Food poisoning affects millions of people worldwide – the latest estimates from the food safety council suggest there are around 4.1 million cases each year. In serious cases, food poisoning can cause severe illness or even death and a sound understanding of food safety is essential if these incidences are to be avoided.
Which foods are most likely to cause food poisoning?
There are various reasons that food poisoning happens, from not washing veggies properly to eating food that has begun to harbour harmful bacteria. We know that some foods are more prone to this type of bacterial growth than others, so knowing which type of food poses particular risk means that appropriate precautions can be applied.
Seven foods that are most likely to cause food poisoning
When it comes to food handling, raw poultry poses one of the biggest risks of food poisoning. It can harbour campylobacter and salmonella, both of which can make someone very ill, even in small amounts.
The best way to ensure these bacteria don’t cause sickness is to make sure poultry is fully cooked before consumption. It’s also vital to take care about transference during preparation – be sure to wash your hands and all utensils that the raw poultry touches and remember that washing poultry before use just increases the risk of bacteria transfer.
Eggs are a worldwide staple and offer a unique package of vitamins and goodness. Unfortunately, they also harbour salmonella bacteria, which can be found in the shell, yolk or white of the egg. Avoid recipes with raw or undercooked eggs and resist the temptation to have a sneaky taste of the cake batter while you’re baking.
With sensible food handling, eggs can be enjoyed safely.
• Store at below 5°c
• Be sure eggs are clean when you buy them
• Take care that the yolk or white doesn’t come into contact with the shell when cracking
These guidelines are especially important for people who will experience severe impact from food poisoning, including older people, pregnant women or those who are immuno-compromised.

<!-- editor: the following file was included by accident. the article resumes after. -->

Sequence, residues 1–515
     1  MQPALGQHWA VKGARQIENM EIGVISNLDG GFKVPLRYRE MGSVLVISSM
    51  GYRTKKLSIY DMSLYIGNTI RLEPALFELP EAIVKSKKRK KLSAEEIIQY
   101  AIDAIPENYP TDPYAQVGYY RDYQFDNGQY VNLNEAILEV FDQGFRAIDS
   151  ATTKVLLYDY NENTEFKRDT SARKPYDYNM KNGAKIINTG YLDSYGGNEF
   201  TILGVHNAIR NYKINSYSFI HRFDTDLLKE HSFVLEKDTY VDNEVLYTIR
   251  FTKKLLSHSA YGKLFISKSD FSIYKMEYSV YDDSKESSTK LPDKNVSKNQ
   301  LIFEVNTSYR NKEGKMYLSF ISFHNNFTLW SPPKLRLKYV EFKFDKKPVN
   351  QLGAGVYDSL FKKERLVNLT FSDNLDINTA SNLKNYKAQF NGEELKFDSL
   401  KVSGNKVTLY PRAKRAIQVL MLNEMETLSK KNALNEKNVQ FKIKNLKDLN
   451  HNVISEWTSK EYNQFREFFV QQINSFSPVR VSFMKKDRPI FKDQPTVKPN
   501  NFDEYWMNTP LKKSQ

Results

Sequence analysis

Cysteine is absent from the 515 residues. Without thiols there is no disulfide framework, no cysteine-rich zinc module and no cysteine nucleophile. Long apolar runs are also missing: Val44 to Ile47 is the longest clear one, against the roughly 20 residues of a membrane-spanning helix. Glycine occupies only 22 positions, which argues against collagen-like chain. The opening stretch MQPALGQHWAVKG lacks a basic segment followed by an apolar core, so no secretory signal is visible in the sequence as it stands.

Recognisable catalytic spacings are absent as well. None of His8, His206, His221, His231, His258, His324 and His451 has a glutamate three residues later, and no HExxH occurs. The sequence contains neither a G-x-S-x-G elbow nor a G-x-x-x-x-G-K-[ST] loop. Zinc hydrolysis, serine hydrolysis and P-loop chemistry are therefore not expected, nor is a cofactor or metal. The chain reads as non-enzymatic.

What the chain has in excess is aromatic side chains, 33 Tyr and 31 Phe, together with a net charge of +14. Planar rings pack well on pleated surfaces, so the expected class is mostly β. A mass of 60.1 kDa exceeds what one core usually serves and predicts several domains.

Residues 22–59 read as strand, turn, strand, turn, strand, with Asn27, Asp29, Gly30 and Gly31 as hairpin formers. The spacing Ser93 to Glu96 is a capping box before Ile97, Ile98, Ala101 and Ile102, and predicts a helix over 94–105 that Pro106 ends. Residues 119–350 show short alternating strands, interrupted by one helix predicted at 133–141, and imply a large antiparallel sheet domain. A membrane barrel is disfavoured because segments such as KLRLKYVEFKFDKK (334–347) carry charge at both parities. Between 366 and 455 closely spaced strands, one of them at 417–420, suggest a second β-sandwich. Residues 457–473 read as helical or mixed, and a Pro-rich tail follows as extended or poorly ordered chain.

3. Greens and veggies
Raw greens and veggies are incredibly good for you – unless they transmit unwelcome bacteria. E-coli lives in soil and can contaminate your tasty greens. There’s also a risk of contamination from water and wandering animals.
Fortunately, minimising the risk from greens and veggies is pretty straightforward. Simply wash the food thoroughly under clean, running water before you eat it and any risk is minimised.
Cheese is a high-risk food for several groups and pregnant women should be particularly careful when it comes to all soft cheeses such as feta or ricotta as well as brie and camembert.
Cheese also carries a bacteria called Staphylococcus which is heat resistant so can’t be killed by cooking. The best way to avoid the growth of this type of bacteria is to practice meticulous food safety. Ensure the cheese is stored at below 5° c and always wash your hands and any utensils that have touched the cheese.
Contaminated seafood can cause a range of illnesses including Scromboid poisoning and Ciguatera poisoning. Shellfish also have the capacity to deliver harmful toxins to the body and cause neurotoxic, amnestic, or paralytic poisoning. These toxins are heat stable, so they are not destroyed by cooking.
Food poisoning from seafood can be avoided by taking great care regarding storage. Seafood must be stored in the coldest part of the fridge, at a temperature of between 0° and 4°c and it’s important to keep it covered.
Storing rice incorrectly can cause the growth of bacillus cereus. Cooked rice should be stored in the fridge at a temperature below 5°c and you should take extra care if the rice dish includes proteins like pork, poultry, or egg.
All meat poses a risk of food poisoning if it’s not stored properly. Deli type meats such as salami or cold cuts need particular care because they’re not cooked before consumption.
The main contaminant of meat is Listeria – fortunately, this bacteria is destroyed by heat. Take care to cook things like bacon to a temperature of at least 75°c for three minutes before tucking in, and always store all types of meat at a temperature below 5ׄ°c.
Understanding food safety
Understanding the basics of food safety will go a long way to keeping your consumers safe. At the Australian Institute of Accreditation, we offer a range of food safety courses that will help you and your team understand and adopt best practices when it comes to food handling. To find out more, just get in touch using our contact form, drop us a message on Facebook or send an SMS to 0429 544 170. We also accept good old fashioned voice calls on 1300 662 750, so don’t delay – get started on your journey to exemplary food safety today.